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Brawn speaks out on Pirelli test row

Ross Brawn has given his reasons why Mercedes acted in the way it did during the three-day Pirelli test that is causing consternation up and down the F1 pit-lane.
Mercedes team principal Ross Brawn continues to insist that there is no case for the Brackley-based squad to answer regarding its involvement in a controversial tyre test following the Spanish Grand Prix.

Speaking to BBC Sport ahead of the Canadian round this weekend, Brawn revealed further details of the test, including explaining why his team did not openly announce its involvement, and why he feels that it did nothing wrong, despite in-season testing – particularly with a current car – being in contravention of F1's sporting regulations.

There was no mention of the alleged green light from the FIA's Charlie Whiting to run the W04, but Brawn remains confident that Mercedes will be exonerated when it appears in front of a tribunal assembled by the governing body.

"It was a Pirelli test, on the Wednesday to Friday after the [Spanish] race,” he confirmed, “It couldn't be held any closer to the weekend because people were packing up. On the Tuesday, there were still motorhomes begin disassembled, garages being taken apart, and there we were, in our full regalia with the trucks and the Pirelli trucks and everything. There was no secrecy involved; it was privacy.”

Using the same reasoning to answer questions about why Nico Rosberg and Lewis Hamilton wore anonymous plain helmets for the 1000km test, Brawn maintained that he did not want to draw unwarranted attention to the session, even if there was no attempt to hide it from rivals within the F1 paddock.

"It was a Pirelli test, we don't believe we had an obligation to inform other teams - if Pirelli wanted to inform other teams, that's up to them,” Brawn argued, "We're comfortable it was a Pirelli test requested by Pirelli. It's for Pirelli to decide what they want to do with it.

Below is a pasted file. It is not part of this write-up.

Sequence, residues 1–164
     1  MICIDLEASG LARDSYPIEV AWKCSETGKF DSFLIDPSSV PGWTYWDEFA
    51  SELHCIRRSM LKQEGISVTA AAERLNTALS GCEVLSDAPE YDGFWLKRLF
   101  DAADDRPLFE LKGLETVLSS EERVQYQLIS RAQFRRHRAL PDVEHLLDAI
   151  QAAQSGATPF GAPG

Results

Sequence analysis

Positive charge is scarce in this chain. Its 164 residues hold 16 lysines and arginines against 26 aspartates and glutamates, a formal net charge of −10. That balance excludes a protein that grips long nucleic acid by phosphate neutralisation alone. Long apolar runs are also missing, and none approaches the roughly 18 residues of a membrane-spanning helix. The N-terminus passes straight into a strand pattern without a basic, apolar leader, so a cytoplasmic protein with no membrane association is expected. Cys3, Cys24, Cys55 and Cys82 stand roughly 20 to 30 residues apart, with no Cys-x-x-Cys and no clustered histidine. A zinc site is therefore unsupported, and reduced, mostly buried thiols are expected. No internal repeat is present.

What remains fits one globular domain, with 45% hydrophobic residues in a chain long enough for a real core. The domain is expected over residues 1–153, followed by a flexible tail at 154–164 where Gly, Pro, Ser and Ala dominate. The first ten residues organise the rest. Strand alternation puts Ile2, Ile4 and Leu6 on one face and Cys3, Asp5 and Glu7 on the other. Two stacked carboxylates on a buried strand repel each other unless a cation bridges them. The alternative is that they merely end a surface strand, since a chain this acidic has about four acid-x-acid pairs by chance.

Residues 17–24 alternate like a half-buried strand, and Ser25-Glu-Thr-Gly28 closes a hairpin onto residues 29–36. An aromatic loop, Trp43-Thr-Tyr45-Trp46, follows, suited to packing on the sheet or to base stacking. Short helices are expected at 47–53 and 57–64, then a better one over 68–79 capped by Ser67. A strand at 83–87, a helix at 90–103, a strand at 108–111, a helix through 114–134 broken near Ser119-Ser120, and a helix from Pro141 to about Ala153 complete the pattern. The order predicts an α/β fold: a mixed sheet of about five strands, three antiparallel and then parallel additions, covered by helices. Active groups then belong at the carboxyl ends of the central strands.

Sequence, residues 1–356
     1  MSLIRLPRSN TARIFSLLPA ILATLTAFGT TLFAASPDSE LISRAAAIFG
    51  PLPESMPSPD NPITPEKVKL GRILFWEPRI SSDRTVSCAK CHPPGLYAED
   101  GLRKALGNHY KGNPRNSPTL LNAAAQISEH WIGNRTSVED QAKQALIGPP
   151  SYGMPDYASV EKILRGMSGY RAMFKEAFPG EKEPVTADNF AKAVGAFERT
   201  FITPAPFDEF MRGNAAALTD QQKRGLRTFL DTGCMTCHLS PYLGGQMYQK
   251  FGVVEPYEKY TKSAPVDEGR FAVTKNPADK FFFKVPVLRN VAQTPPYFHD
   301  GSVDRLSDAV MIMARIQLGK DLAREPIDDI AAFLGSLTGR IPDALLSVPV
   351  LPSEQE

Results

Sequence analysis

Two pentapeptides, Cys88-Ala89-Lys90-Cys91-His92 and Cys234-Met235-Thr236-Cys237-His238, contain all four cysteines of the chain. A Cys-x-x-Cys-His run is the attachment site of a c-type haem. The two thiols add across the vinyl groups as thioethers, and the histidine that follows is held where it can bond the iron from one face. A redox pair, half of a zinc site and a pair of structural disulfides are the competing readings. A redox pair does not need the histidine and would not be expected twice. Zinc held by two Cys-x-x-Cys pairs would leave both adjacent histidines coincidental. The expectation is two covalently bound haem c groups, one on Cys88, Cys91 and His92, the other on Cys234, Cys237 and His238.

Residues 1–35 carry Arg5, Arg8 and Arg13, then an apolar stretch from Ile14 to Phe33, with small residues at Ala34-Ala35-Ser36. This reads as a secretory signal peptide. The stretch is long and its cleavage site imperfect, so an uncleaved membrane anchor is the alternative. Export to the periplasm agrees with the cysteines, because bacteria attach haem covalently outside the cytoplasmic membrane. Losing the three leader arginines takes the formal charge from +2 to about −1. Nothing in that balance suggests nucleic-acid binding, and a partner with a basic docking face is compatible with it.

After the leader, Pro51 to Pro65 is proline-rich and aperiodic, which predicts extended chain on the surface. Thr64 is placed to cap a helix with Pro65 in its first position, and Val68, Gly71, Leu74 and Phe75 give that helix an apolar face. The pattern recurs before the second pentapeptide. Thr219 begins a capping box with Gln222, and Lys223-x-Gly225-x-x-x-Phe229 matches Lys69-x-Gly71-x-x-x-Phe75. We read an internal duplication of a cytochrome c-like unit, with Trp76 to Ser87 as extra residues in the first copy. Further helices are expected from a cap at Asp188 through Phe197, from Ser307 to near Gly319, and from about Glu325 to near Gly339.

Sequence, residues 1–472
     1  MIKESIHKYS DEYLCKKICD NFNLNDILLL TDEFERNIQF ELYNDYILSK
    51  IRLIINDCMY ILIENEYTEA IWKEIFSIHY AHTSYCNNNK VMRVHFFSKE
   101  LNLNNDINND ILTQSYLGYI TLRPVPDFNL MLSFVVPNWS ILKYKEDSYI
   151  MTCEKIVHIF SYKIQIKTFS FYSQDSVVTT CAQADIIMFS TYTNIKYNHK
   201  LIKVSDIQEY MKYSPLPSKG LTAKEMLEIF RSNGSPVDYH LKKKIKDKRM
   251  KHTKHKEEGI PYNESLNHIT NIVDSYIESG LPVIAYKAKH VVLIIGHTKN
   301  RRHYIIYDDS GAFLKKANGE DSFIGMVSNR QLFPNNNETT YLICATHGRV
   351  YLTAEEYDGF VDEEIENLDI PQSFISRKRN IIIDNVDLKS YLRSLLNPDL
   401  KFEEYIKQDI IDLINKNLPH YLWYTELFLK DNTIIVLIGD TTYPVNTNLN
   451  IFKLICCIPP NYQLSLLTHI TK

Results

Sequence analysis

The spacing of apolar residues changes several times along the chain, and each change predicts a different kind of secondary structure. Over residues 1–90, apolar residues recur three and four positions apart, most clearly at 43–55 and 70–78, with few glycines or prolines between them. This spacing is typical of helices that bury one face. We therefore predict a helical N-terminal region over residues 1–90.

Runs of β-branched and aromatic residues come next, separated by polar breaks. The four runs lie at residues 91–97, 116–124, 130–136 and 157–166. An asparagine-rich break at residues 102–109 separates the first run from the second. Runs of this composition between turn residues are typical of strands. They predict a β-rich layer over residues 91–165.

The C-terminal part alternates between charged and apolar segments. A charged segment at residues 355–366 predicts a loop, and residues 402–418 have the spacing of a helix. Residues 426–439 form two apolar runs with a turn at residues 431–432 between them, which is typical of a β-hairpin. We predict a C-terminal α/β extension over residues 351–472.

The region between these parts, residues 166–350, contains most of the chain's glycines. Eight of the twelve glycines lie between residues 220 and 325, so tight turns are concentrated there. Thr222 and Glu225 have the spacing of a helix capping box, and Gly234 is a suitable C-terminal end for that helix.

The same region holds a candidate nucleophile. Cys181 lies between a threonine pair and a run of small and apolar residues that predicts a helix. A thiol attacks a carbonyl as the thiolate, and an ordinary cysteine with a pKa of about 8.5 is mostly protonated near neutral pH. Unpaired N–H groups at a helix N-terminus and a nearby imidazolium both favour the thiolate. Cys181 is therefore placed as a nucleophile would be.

"You don't go testing in Barcelona for three days and expect people not to know about it - my conscience is clear," he claimed, "The reason for the drivers' helmets is it was a Pirelli test, they organised the security, they organised all the arrangements.

"We didn't want to bring attention to the drivers, we didn't want to have to put security there, we didn't want to have to put minders [there]. The easiest way for us was to not bring attention to what drivers were in the car, [but] only for those reasons. We have always been very open about the drivers, [but] the drivers are irrelevant - there's nothing in the sporting regulations, nothing in the arrangements for these tests, that controls which drivers are in the car.”

It is the use of the W04, rather than Rosberg and Hamilton, that has raised eyebrows up and down the pit-lane, with several teams firmly believing that Mercedes – which was struggling to contain tyre wear with its 2013 car – will have gained a significant advantage from the test. Rosberg duly followed the test with victory in Monaco, but the acid test may well be this weekend's race in Montreal, which will tax the rubber much more than the streets of the Principality.

Related Pictures

Click on relevant pic to enlarge
11.05.2013- Qualifying, Lewis Hamilton (GBR) Mercedes AMG F1 W04
12.05.2013- Pirelli Tyre
12.04.2013- Ross Brawn (GBR), Team Principal, Mercedes GP
Sahara Force India F1 VJM10 - Pirelli tyre.
The Sahara Force India VJM10 Mercedes
Mercedes W08 teaser shots
Mercedes W08 teaser shots
Mercedes W08 teaser shots
Mercedes W08 teaser shots
Mercedes W08 Hybrid, teaser image, F1 [Credit: Mercedes AMG Petronas]
Renault Sport F1 Team RS17 rear wing and Pirelli wheel.
Renault Sport F1 Team RS17 - Pirelli tyre and front wing detail.
Renault Sport F1 Team RS17 - Pirelli tyre.
Nico Rosberg and Fernando Alonso - Mercedes, McLaren
Chase Carey, Ross Brawn & Sean Bratches
George Russell, Mercedes junior programme, [Credit: Mercedes]
Valtteri Bottas - Mercedes AMG Petronas
Valtteri Bottas - Mercedes AMG Petronas

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June 07, 2013 7:41 PM

"We didn't want to bring attention to the drivers, we didn't want to have to put security there, we didn't want to have to put minders "there. Brawn is now selling us the idea that Mercedes penny pinching on security was the reason Hamilton and Rosberg wore anonymous plain helmets . He did not want to draw unwarranted attention to the session. This would also involve muzzling the car too. Ridiculous defence .

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